clouds and stars too, start to speak.

Thus, the sacred salve of silence
heals and liberates
wordlessly.

No kind of communing
more intensely intimate
can there be
than bravely listening to life.

Joe Grant, Scratchings

Our love-scape,
the breadth of
compassionate connections to life,

is defined
by how much,
and how long we care to listen.


Not all quiet [people] are humble,
but all humble [people] are quiet.

Wisdom of the Desert Hermits

Choosing the quiet,
and entering even quieter stillness,
liberates love for storm-tossed times.

Since listeners are lovers,
may you abide in a silent land
long enough to become a hushed healer

who let’s worried, harried hearts
know the primal peace
that surpasses understanding.

joe

Available here

Scratchings by Joe Grant provides a fascinating journey showing the extraordinary wisdom and beauty found in the most ordinary of events. While appreciating events such as the beauty of a leaf falling and the often-unnoticed activities in the backyard of his inner city neighborhood, the journey also takes us far and wide from his childhood in Scotland, to his mission experience in the Amazon rainforest, and even to the site of genocidal massacre in Rwanda. Each episode draws the reader in with exquisite language and creates a picture that engages the imagination. The word play, rhyming, cadence and alliteration are delightful and evocative.

In a powerful section of his book called Epiphany, Joe reflects on the in-breaking moments of graced awareness:

To the awakened,
every sunrise is a first
brilliant blush of brand-new creation
each frigid breath suspended,
a sacramental exhalation
in conspiration of
spirit holy.

He goes on to write, “sometimes a singular ray pierces perception to jolt us into wakefulness with a radiant revelation that all ground is hallowed.”

This beautiful book is for me a meditation on our amazing yet troubled world. Joe’s book helps me to see the sacred mysteries which are all around us.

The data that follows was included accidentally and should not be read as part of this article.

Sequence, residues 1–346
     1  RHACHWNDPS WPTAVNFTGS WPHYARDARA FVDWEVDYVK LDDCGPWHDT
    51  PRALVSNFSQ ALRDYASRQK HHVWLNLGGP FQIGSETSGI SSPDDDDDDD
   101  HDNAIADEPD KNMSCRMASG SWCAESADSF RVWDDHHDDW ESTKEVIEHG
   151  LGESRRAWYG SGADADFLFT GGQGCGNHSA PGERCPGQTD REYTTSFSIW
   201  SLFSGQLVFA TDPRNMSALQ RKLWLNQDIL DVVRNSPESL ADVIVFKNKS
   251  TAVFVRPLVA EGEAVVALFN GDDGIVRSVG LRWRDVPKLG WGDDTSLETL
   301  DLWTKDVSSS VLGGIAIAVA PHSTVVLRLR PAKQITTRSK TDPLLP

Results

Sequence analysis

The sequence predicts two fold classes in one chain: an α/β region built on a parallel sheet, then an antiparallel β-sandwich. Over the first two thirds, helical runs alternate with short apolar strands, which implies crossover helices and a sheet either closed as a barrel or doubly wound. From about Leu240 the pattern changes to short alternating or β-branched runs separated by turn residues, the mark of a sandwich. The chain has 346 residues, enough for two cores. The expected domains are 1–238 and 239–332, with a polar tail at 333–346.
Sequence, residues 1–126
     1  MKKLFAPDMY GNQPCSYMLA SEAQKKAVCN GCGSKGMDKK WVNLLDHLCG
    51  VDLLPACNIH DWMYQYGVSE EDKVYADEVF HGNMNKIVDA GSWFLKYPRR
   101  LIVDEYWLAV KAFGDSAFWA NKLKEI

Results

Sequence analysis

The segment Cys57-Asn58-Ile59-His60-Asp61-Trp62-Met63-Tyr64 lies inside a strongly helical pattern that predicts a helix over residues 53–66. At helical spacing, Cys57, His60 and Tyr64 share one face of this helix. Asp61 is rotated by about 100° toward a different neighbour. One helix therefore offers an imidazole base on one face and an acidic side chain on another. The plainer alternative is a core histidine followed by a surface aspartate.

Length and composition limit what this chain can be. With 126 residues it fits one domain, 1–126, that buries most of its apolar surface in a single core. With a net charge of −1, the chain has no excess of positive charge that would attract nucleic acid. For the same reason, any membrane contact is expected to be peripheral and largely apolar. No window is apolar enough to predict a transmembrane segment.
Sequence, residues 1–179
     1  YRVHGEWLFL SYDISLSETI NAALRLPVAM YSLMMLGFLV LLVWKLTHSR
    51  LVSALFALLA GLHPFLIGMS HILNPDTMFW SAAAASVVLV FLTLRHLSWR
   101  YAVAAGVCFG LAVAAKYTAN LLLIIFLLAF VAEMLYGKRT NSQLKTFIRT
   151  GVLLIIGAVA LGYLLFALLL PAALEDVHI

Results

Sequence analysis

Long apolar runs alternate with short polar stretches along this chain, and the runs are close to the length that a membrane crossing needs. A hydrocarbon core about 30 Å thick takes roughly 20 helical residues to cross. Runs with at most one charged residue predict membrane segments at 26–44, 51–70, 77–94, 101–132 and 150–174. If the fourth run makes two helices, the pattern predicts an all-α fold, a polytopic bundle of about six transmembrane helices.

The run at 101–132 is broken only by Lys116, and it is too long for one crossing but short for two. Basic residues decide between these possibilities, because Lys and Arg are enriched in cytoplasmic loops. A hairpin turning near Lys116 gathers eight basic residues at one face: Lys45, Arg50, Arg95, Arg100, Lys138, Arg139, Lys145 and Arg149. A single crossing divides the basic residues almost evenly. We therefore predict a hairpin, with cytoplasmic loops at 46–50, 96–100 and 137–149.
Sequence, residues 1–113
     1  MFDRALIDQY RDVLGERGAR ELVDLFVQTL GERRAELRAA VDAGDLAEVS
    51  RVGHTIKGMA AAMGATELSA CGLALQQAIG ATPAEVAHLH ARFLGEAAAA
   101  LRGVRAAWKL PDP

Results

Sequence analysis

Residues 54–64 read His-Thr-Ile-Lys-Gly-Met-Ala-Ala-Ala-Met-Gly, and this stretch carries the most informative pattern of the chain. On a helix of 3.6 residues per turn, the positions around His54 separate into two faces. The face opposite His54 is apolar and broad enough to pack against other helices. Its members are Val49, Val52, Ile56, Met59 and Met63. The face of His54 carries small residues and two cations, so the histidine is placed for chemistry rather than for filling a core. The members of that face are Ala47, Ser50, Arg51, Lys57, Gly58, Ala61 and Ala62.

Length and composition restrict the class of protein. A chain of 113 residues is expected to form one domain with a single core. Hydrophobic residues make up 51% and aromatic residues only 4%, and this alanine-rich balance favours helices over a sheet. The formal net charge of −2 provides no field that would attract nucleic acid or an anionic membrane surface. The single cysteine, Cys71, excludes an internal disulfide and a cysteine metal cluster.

• The Rev. Karl Ruttan, Ph.D., Episcopal priest and spiritual director

Neighboring

Images and text by Joe Grant © 2022

And who is my neighbor?

Luke 10:29

Seeker,
How well do you know your neighbors, in countless form and living expression?

Saunter round your garden.
Loiter in the alley.
Stroll the street to the nearest strip of green.

As you go, practice the art of noticing,
attentive to sights, scents, sounds
that appeal to hungry senses.

Stop often, stoop low, regularly raise the gaze
and take in an all-round invitation to converse
with growing, crawling, chirping, scurrying neighbors.

In contemplative communion
unleash the personal sacralizing power
we could call “neighboring.”

By the name we have given ourselves, we are
of humus made, earthling keepers of a neighborhood
garden. Everywhere we care to look, around this
life-making planet, we uncover bonds and name
connections to neighbor in immeasurable emanation.

With Creation as cloister, neighbor-keeping
defines identity and calling, a pathway to ever deeper
identification and broader association with life-
shaping entanglements.

Joe Grant, Scratchings

Making subjects of objects,
getting to know our natural neighbors,
was how our ancestral family learned to thrive.

Now it seems, restoring reverence
for neighborhood balance
may be the way we relearn how to survive.

Given the depth of alienation,
and deadly repercussions
of social dislocation and spiritual misdirection,

could anything be more urgent
for the reclamation of humankind-ness
than a fulsome embrace of neighborhood, every part of it?

For how can we claim to love
what we care not
to notice, name, and know?

Our life is all grounded and rooted in love, and without love we may not live.

Julian of Norwich

And what kind of neighbor fails to meet,
greet and daily respond to interactions
with nearest next of kin?

How well do you know the shrubs and trees
that give voice to breeze
or dense green tangles that decorate ground?

Do you marvel at swirling insect swarms
animated by sunlight slices,
or meditate on miraculous web-weavers?

Are you versed in bird psalms,
and fluent in the silent language of flowers
that sets the neighborhood abuzz?

A flower is made up of many non-flower elements,
such as clouds, soil, and sunshine.
Without clouds and earth there could be no flower.
This is interbeing. The one is the result of the all.
What makes the all possible is the one.

Thich Nhat Hahn

For terminology illustrates value
and defines the quality of our relationship
to the living tapestry,

in our depth of endearment
as well as our
illusions of separation and supremacy.

“Scenery” and “environment”
cast natural life as a backdrop,
stage and setting for work or play.

But costly (neighbor) love is no sentimental excursion,